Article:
Moana (B). First we have a short–a cute little story that dramatizes the battle between an office drudge’s fearful brain on the one hand and his excitable heart and stomach on the other. It’s kind of like a radically shortened and simplified Inside Out. The main feature is set in a Polynesian South Seas-type milieu. Moana is the high-spirited daughter of an island chief, and she thrills to her grandmother’s ancient stories of Maui, a trickster demigod who stole a gemstone from an island goddess, only to lose it in a battle with a lava demon. Could the tales be true? Lo! The Ocean itself brings the gemstone to Moana, and she must go on a quest to find Maui (voice of Dwayne Johnson, San Andreas) and force him to return the gemstone to its rightful place, lest a looming wave of darkness overwhelm her people. I give Moana high marks for beautiful visuals, enjoyable musical numbers in the early going, and an appealing heroine. The adventure plot is a little pedestrian, so I wouldn’t put this movie in the same category as first-tier Disney like Aladdin, Beauty and the Beast, or Zootopia. Nevertheless, it’s a solid, family-friendly effort.
Sing Street (B-). I’m back from a 10-day holiday, plus an extra week-long sabbatical nursing a bad cold, and I’m eager to see some current releases. This one, from John Carney (director of Begin Again and Once), was OK but a little bit of a disappointment. The year is 1985. A sensitive Dublin teenager named Conor (newcomer Ferdia Walsh-Peelo) falls in love with an older girl named Raphina (Lucy Boynton, Miss Potter) and tries to impress her by asking her to be in a music video for his rock band. When she agrees, he has to come up with said band, and the rest of the movie kind of goes from there. I liked a couple of the supporting characters, like Conor’s song-writing buddy who’s strangely fond of rabbits, and Conor’s older brother Brendan, who’s a screw-up but genuinely cares about his little brother and helps him grow his musical taste. Boynton looks a little too old for 16, but she’s a suitably attractive muse; she looks a little like Emma Roberts (We’re the Millers) with a splash of Debbie Gibson (Mega Shark vs. Mecha Shark). Conor’s mom (Maria Doyle Kennedy) looked very familiar, and it turns out she was in another famous Irish rock-n-roll movie, The Commitments. On the downside, Carney makes the Catholic priest who runs his school unnecessarily mean, and implies he’s a predator to boot, and I didn’t care for the movie’s ending at all. So it’s kind of a mixed bag.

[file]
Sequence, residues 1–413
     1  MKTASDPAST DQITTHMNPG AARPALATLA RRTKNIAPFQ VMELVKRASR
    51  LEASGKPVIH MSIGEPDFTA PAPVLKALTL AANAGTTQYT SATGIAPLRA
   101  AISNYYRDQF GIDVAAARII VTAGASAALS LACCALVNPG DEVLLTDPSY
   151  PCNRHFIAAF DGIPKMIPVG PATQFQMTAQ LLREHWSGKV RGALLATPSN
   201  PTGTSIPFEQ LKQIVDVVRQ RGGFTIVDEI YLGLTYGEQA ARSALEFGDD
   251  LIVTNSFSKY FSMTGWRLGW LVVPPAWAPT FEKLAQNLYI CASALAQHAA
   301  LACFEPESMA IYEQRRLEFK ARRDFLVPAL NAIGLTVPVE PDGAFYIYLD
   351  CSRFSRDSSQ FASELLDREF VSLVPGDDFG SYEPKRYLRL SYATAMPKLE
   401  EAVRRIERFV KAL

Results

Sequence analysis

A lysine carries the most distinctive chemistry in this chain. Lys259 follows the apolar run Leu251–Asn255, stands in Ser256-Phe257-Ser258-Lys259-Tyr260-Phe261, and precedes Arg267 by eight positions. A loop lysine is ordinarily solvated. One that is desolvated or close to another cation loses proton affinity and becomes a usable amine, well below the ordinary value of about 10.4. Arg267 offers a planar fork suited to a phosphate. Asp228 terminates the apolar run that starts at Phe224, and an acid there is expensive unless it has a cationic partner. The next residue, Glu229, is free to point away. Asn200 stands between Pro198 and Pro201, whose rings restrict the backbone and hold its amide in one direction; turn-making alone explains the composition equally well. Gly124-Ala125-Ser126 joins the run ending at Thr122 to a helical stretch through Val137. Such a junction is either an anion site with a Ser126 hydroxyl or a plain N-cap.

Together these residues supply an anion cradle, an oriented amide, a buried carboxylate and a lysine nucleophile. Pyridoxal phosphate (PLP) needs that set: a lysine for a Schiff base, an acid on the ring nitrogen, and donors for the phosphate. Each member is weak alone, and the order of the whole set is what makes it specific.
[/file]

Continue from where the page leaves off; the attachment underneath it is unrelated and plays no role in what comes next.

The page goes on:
She Loves Me, by the Greater Lewisville Community Theatre. I saw this musical three years ago over in Fort Worth and liked it quite well. (Click here for that review.) If you like old-fashioned romantic musical comedy, this is one you should see if you get the chance. The main plot is that two lonely people have fallen in love by writing to each other through a lonely-hearts club, but unbeknownst to them they have also started working together at the same perfume shop—and they can’t stand each other in real life. (The movie You’ve Got Mail is loosely based on the same premise.) Anyhoo, this production’s run ends tomorrow, so my main point is to say a few words about GLCT, which I had never experienced before. In a nutshell, I liked it fine and wouldn’t hesitate to go back. The facility is old and a little time-worn, and the sound system was a little spotty at times. But the theater itself was fine (and cozy, seating maybe 100-120 people I would guess). The performances were mostly good, and a couple of the guys could really sing. And at $22 for a full-price ticket, it won’t break the bank. I’ll be back next time they do a show that catches my eye.